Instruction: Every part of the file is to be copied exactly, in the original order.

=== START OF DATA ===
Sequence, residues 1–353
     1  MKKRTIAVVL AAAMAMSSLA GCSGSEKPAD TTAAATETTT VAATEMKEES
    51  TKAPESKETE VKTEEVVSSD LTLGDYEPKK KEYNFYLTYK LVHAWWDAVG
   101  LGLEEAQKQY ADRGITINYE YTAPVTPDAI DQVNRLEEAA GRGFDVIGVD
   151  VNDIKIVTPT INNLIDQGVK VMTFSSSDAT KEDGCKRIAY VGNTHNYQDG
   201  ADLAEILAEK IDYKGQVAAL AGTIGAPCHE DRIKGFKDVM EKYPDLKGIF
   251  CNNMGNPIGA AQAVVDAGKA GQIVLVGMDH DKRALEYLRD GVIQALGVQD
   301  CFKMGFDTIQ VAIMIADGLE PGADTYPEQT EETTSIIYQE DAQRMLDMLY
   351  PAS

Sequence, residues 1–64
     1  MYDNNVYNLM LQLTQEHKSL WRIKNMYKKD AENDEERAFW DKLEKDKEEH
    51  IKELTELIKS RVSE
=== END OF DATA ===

Sequence, residues 1–353
     1  MKKRTIAVVL AAAMAMSSLA GCSGSEKPAD TTAAATETTT VAATEMKEES
    51  TKAPESKETE VKTEEVVSSD LTLGDYEPKK KEYNFYLTYK LVHAWWDAVG
   101  LGLEEAQKQY ADRGITINYE YTAPVTPDAI DQVNRLEEAA GRGFDVIGVD
   151  VNDIKIVTPT INNLIDQGVK VMTFSSSDAT KEDGCKRIAY VGNTHNYQDG
   201  ADLAEILAEK IDYKGQVAAL AGTIGAPCHE DRIKGFKDVM EKYPDLKGIF
   251  CNNMGNPIGA AQAVVDAGKA GQIVLVGMDH DKRALEYLRD GVIQALGVQD
   301  CFKMGFDTIQ VAIMIADGLE PGADTYPEQT EETTSIIYQE DAQRMLDMLY
   351  PAS

Sequence, residues 1–64
     1  MYDNNVYNLM LQLTQEHKSL WRIKNMYKKD AENDEERAFW DKLEKDKEEH
    51  IKELTELIKS RVSE